Assessment: Are You Investing in All the Wrong Places?

Assessment: Are You Investing in All the Wrong Places?

Organisations assess leaders in many ways to make promotion, hiring, and development decisions. Assessments used include manager ratings, interviews, psychometric assessments, and other tools. On a positive note, companies in Asia are increasing their use of assessments. Unfortunately, they often focus their time and energy on assessments that are not giving them a great return on their investment.

To understand practices in Asia, we conducted a practice survey with MNCs. We compared this to the practices that the best companies in the US use for assessment. More importantly, we compared our survey results to the academic research on which assessments give the best return. Below are a few of the key findings.

Assessments Used More for Development, Less for Decision Making

Most companies in the survey were large MNCs operating throughout Asia and most used assessment of some sort. For example, 96% of companies used assessment for development purposes with high-potentials, whilst 79% used assessment for developing senior executives. Only about 50% of the companies used assessments for decision making (e.g., succession planning, assessment of potential, and selection of external candidates).

Using the Worst (mostly) Assessments

Most companies (over 75%) used manager ratings of potential and/or multisource 360 ratings as part of their assessment practice for senior executives (see chart below). Interviews, profiling tools, and personality assessments were used less frequently. Although exact percentages varied for use of assessments with high potentials, overall results were similar.

Three of the top five assessments used (manager nominations/9-box, 360s, profiling tools) provide individuals with insight, but have limited value in decision making and development. Manager nomination/ratings are not highly reliable and often correlate with overall performance. Multisource feedback instruments (360s) are error-prone and often do not result in development. Profiling tools such as the DISC or MBTI are interesting and insightful, but are not valid predictors of potential or performance. They also are "development light" in terms of helping leaders identify development needs.

Companies often do not use some of the best methods to assess potential and predict future job performance. Based on validity studies, we've put together a chart mapping validity vs. % of MNCs using a particular tool (below). Test batteries (including cognitive ability and personality inventories) and assessment centres are the best methods to assess leaders, but are least used in Asia. Instead, companies are investing their time and money on assessments with lower validity. By selecting different assessments, companies can improve both development and selection of leaders.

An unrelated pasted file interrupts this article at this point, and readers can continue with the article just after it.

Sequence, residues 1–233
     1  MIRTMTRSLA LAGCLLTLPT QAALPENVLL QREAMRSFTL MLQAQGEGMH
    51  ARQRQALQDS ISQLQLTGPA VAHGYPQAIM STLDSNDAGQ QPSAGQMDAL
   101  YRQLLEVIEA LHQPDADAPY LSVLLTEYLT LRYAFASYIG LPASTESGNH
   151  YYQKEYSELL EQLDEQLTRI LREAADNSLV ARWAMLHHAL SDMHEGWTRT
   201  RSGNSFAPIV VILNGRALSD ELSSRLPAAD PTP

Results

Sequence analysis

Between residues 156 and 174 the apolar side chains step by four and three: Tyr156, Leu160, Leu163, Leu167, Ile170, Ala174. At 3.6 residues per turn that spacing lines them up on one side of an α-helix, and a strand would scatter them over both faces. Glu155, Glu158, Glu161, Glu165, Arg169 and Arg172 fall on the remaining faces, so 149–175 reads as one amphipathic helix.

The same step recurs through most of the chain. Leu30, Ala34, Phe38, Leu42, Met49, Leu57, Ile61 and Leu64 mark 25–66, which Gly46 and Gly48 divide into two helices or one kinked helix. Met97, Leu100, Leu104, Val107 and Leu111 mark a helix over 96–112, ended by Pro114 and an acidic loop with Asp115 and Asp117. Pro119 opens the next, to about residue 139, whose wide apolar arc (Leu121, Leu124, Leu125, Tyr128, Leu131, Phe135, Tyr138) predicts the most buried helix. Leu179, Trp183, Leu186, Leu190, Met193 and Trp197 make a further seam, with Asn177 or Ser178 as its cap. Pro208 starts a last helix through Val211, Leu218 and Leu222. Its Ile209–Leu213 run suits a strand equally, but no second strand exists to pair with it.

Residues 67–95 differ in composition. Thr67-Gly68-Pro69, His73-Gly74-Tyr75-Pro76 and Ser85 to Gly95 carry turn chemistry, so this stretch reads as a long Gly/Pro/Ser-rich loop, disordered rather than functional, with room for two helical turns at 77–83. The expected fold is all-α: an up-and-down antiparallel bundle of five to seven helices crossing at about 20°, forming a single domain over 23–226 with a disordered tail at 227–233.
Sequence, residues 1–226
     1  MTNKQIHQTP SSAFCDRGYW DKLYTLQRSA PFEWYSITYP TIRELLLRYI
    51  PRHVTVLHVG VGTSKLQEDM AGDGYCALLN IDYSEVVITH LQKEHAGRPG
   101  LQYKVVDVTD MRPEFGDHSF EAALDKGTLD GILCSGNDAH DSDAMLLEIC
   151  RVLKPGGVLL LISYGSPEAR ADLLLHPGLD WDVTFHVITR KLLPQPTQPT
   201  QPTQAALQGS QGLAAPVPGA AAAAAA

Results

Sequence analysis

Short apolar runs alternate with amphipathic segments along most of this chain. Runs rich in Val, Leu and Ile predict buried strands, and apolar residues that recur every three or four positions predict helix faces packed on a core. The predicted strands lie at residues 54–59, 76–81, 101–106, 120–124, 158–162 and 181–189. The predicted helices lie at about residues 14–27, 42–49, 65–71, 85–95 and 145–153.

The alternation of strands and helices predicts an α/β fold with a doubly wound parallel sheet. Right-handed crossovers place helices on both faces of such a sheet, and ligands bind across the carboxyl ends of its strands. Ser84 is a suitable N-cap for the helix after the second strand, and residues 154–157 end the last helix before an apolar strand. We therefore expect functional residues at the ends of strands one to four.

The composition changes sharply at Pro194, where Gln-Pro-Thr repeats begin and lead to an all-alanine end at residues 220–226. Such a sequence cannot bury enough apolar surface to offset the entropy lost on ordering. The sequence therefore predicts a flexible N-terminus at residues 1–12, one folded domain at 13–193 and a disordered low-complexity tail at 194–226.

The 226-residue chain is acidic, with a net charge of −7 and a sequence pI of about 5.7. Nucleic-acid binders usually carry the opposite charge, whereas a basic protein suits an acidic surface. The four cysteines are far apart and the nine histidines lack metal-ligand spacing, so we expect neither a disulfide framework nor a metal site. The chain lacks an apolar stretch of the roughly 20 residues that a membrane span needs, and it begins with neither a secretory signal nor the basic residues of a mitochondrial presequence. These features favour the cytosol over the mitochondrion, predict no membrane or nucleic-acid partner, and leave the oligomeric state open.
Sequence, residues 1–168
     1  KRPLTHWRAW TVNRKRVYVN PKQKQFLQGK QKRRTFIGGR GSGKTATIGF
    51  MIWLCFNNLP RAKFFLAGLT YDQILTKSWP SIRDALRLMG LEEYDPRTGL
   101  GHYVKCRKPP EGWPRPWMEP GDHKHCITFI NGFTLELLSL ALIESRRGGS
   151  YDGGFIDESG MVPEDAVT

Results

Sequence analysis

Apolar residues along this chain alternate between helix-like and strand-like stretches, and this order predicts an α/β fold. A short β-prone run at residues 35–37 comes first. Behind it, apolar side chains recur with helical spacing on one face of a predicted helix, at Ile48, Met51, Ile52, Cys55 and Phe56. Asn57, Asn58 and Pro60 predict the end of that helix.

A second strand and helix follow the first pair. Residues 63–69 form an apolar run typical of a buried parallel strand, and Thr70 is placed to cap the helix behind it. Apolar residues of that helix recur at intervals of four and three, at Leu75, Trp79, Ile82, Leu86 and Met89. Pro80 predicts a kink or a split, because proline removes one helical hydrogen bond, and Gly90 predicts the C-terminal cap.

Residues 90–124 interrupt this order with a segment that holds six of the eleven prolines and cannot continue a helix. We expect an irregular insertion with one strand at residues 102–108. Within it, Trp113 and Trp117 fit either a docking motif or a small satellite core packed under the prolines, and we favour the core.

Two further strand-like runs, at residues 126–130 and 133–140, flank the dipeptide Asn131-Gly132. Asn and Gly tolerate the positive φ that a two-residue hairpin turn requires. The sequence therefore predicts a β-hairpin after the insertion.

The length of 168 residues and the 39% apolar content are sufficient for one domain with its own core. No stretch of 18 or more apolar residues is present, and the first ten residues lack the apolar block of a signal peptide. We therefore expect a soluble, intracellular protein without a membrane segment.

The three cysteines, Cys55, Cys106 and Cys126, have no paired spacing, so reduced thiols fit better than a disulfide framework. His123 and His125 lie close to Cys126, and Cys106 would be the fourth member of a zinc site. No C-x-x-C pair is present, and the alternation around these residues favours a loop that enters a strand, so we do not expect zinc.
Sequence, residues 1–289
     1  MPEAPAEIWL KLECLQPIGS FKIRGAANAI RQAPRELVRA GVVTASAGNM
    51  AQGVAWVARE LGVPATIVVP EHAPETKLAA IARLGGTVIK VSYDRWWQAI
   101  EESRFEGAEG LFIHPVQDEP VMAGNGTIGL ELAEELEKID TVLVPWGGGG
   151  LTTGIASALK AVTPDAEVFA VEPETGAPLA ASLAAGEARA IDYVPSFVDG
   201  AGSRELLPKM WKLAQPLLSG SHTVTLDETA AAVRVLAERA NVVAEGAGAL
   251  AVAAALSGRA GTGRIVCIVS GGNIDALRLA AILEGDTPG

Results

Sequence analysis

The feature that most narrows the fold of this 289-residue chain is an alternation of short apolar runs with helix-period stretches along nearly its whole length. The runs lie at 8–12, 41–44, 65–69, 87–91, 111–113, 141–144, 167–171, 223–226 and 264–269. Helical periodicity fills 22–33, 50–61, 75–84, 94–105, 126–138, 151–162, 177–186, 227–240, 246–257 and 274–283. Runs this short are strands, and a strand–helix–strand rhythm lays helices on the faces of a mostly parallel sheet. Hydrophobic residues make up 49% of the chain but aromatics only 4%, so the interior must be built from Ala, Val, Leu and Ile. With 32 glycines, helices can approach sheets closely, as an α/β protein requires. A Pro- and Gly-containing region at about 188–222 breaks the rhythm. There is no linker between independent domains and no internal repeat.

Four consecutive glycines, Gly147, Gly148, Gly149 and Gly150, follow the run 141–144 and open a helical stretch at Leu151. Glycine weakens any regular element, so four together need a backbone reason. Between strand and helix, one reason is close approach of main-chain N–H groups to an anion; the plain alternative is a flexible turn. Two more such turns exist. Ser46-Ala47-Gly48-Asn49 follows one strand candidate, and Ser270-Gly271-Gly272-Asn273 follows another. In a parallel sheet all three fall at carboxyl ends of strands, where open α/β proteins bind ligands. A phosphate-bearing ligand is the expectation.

Behind the Best US MNCs

A similar study was conducted in the US focused on the best MNCs and their practices. This is a good comparison as many of the assessment practices used today were developed in the US, and these companies are viewed as some of the best for their development of leaders1.

Some of the differences are highlighted in the chart below, which focuses on use of assessments with high potentials. The US best practice companies are much more likely to use personality inventories, bio-data, cognitive ability tests, and other tools than are Asian MNCs. They tend to use the best predictors of success more frequently.

Closing the Gaps

We are not suggesting that you take manager nominations/ratings and 360s out of your assessment practice. Input from others is important. However, you can dramatically improve the data you gather and use for development and decision making purposes. Here are a few tips to get you started:

  • Limit the use of profiling tools (MBTI and DISC). These are great for team sessions, but not particularly useful for selection and development
  • Introduce valid assessment tools to help inform the views of managers when it comes to their ratings/nominations. We recommend focusing assessment first on executives, where the impact of the assessments can be much greater. For example, make assessment a requirement as part of development and selection before being promoted to Director or VP levels
  • Use some limited assessment tools lower in the organisation so that you screen managers better and ultimately improve your talent pipeline

Companies are investing significant time and money in assessment. Fortunately, there are over 100 years of research and practice to guide decisions and maximise ROI. By investing wisely, you can improve the development and selection of leaders, ultimately improving your leadership pipeline and your leaders' performance.

Church, A. H., & Rotolo, C. T. (2013). How are top companies assessing their high-potentials and senior executives? A talent management benchmark study. Consulting Psychology Journal: Practice and Research, 65(3), 199-223.

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